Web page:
Wikipedia has always been subtly political, said Jimmy Wales in a conversation with Pavel Durov. But last week’s blackout of Wikipedia in protest of America’s proposed SOPA bill was possibly the overtly political thing Wikipedia has ever done.
Mr Wales used his time on stage to keep up the conversation about America’s misguided attempts at legislation. Speaking directly to the motion picture industry, his message was simple:
Let people buy what they want to buy.
And to Congress:
Poorly designed laws are bad for the entire industry.
To illustrate his first point, Mr Wales told a story of how he wanted to show his daughter the first Star Wars movie. “I bought a Blue Ray disc in the UK. It doesn’t play in the US. I tried to pay for it again by downloading it on iTunes but they don’t sell it there.” The film industry, he said, makes it so difficult for people to legally obtain and pay for movies that it’s often easier to download it somewhere for free. “Digital distribution platforms are an incredible opportunity for the movie industry,” he said.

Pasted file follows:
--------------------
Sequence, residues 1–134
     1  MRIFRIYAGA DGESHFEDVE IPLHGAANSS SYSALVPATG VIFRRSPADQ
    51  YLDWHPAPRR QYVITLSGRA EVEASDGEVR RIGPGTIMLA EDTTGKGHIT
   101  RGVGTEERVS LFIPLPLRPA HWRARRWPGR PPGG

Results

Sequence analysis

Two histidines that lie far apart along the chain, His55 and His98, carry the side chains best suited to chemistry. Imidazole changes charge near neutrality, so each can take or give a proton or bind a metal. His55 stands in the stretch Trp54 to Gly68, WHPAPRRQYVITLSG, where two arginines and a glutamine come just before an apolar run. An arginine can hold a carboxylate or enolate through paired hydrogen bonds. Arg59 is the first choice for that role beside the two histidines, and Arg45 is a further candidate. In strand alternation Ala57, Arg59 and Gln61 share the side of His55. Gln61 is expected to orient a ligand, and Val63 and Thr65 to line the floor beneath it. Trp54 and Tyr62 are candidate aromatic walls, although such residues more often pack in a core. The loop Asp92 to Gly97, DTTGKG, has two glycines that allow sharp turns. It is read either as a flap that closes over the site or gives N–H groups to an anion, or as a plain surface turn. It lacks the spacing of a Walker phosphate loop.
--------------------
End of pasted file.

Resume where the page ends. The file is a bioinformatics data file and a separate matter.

Instead of pushing for draconian laws like SOPA, which potentially inspire similar laws in other countries and affect small business across the world, Hollywood should consider talking to people with a little more humility, said a visibly emotional Mr Wales. “When you see Rupert Murdoch on Twitter calling Google a pirate, that’s just insane.”
Other laws in the works also came in for criticism from Mr Wales. Anything “mandating that we keep more and more records on people is probably a very bad idea,” he said.
Few internet entrepreneurs can match Mr Wales’s charm or are as likable. What he had to say this morning is important not just for the tech industry but for the future of the internet, of free speech, and of society itself.